Orange Business Services has been dipping its toes into SD-WAN since 2016. But as the service provider expands its offerings it is looking to create a “one-stop shop” for SD-WAN, according to John Isch, the director of the network and voice practice in North America for Orange Business.
Orange currently offers its SD-WAN, which it calls Flexible SD-WAN, through both Cisco-Viptela technology and Riverbed’s SteelConnect technology. Orange integrates the SD-WAN with what it calls vendor managed internet (VMI) as well as an array of security components. In addition, the provider can resell managed internet services in around 120 countries.
The VMI is part of Orange’s managed services offering, which enables it to also provide the automation and cost-saving associated with SD-WAN as well as direct access to cloud service providers. For security, it offers cloud-based, premises-based, or hosted security services that can be managed by Orange or the customer.
As Orange builds out its SD-WAN to be a one-stop shop, the flexible part of the offering refers to the customer’s ability to choose. Currently, customers can choose the type of security and other factors surrounding how the offering is deployed and managed. Going forward, it will offer additional vendors’ SD-WANs.
Orange is in the process of selecting additional vendors, but hasn’t yet made any selections. According to Isch, while there are a lot of SD-WAN vendors (he estimates 30), Orange’s customer base has specific requirements that significantly narrow down its choices.
Namely, the SD-WAN must be built for global enterprise customers and must have manageability, advanced routing capabilities, and security. “The [SD-WAN] itself has to be secure, but we also need flexibility and integration with other security platforms,” he said. “We need to have a way of integrating into a lot of different [security] solutions.”
When looking at what customers want in an SD-WAN, Isch said some customers are looking to integrate MPLS and internet connectivity, but many of its customers and prospects are looking to SD-WAN to create a network using the internet. “We’re posting SD-WAN in our network and it allows for us to integrate the customer-side SD-WAN with a network solution, so it kind of gives it the best of both worlds.”
Regardless of what the customer is looking for, Orange views SD-WAN as an integration project. The provider leverages its global points of presence (PoPs) as integration points to drive the integration between the customer’s underlay network and Orange’s overlay. Currently, it has 20 of its 900 PoPs enabled with SD-WAN. It expects to have up to 40 enabled by the end of the year.
With more customers looking to the internet and cloud to manage and connect services, many enterprises want to push cloud traffic further out to the edge. “SD-WAN is a great thing, but it’s part of a bigger project,” said Isch. “It’s SD-WAN, it’s a migration, it’s an integration, it’s MPLS, and it’s internet that bring all those things together.”
And while Isch sees that SD-WAN may become the “de-facto for the way networks are run,” the technology still has a ways to go. One of the ways Orange sees this coming to fruition is through standardization and vendor interoperability. Specifically, he sees the creation of a “common language” in which advanced APIs talk amongst orchestration platforms and SD-WAN on the SDN and NFV level.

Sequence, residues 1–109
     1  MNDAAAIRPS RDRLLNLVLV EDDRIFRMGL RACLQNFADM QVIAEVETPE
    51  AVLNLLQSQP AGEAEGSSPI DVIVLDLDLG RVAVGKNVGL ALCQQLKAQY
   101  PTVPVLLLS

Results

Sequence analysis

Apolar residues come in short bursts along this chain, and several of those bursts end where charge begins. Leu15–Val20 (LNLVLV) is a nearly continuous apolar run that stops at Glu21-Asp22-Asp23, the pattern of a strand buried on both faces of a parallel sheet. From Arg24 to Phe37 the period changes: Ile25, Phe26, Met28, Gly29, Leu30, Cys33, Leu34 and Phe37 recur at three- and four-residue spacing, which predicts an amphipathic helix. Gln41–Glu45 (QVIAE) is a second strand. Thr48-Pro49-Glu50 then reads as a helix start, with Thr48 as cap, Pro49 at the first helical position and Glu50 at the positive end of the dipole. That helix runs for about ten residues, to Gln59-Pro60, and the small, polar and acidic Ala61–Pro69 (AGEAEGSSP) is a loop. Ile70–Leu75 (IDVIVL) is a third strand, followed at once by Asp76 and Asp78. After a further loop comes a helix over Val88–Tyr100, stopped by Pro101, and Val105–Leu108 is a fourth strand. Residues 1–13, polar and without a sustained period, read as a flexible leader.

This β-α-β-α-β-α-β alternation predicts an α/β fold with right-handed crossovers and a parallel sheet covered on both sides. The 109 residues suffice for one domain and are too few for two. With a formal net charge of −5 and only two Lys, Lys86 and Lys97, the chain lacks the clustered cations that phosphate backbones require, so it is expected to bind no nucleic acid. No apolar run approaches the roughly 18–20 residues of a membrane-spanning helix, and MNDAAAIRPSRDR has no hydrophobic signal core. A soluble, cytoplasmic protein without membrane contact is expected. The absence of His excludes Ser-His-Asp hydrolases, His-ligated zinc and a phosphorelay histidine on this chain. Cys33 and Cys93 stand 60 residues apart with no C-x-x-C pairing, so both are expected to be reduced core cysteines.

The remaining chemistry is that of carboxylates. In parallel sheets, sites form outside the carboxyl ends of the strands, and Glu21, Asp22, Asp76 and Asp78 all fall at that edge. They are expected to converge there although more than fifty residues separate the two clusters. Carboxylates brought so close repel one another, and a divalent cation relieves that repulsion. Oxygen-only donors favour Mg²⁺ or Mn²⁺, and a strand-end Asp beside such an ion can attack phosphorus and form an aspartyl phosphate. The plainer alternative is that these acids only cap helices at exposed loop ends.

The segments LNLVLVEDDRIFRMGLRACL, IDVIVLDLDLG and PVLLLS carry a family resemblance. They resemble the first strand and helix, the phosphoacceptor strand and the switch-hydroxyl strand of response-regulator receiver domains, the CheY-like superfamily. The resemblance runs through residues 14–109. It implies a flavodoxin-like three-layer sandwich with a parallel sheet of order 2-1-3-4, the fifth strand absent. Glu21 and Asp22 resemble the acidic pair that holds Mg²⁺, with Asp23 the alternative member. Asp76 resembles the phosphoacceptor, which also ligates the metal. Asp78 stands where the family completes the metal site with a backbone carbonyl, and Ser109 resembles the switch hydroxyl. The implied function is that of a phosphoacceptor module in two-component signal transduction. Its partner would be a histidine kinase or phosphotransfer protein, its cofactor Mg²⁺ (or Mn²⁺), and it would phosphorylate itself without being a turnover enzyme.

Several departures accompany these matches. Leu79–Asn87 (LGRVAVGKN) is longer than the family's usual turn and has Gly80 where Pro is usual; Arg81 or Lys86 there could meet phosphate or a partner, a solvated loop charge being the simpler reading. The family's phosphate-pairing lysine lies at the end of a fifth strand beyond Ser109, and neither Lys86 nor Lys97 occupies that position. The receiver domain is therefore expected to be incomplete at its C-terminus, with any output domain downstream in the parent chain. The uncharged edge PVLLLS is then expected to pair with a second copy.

uCPE Still a Ways Off
According to Isch, universal CPE (uCPE) is something that Orange has looked at extensively, but the market isn’t quite ready yet.
While the uCPE will be largely beneficial for managed service providers and global carriers, he said that the cost of the hardware and software licensing for the virtual network functions (VNFs) is not where it needs to be. And in many cases the software is not yet optimized for virtualized services.
Orange does, however, have the ability to offer some virtualized services on Cisco’s Enterprise Network Compute System (ENCS) hardware. In February 2018, it completed the first of a Cisco-Viptela SD-WAN VNF on the hardware, and it can also deploy additional functions such as security.
Orange has had a number of big customer wins in recent months.
Last March, it signed a $294 million contract with engineering firm Siemens AG to replace its MPLS with SD-WAN. Orange is halfway through deploying SD-WAN in all 1,500 of Siemens’ sites. Isch claims that this is the largest deployment of SD-WAN in the world.
In January Orange signed an agreement with Weener Plastics to deploy SD-WAN across its 24 sites. This deployment “is about bringing together multiple independent networks and creating an environment that’s more cloud-enabled or cloud-friendly than their existing networks today,” said Isch.
The Weener, and even Siemens, deployments follow a similar pattern as a number of Orange’s customers do, said Isch. Both of these companies are working to digitize their business and route their services through the internet. According to Isch, the majority of its customers are looking to push anywhere from 55 percent to 95 percent of its traffic to the internet.
“They’re looking at their network and saying, ‘I have a lot of cloud traffic today and it’s not going down — so I’m heading more and more in that direction,’” he said. “‘SD-WAN really helps us to enable that by creating a hybrid environment where I have local internet that I can push that cloud traffic out locally.’”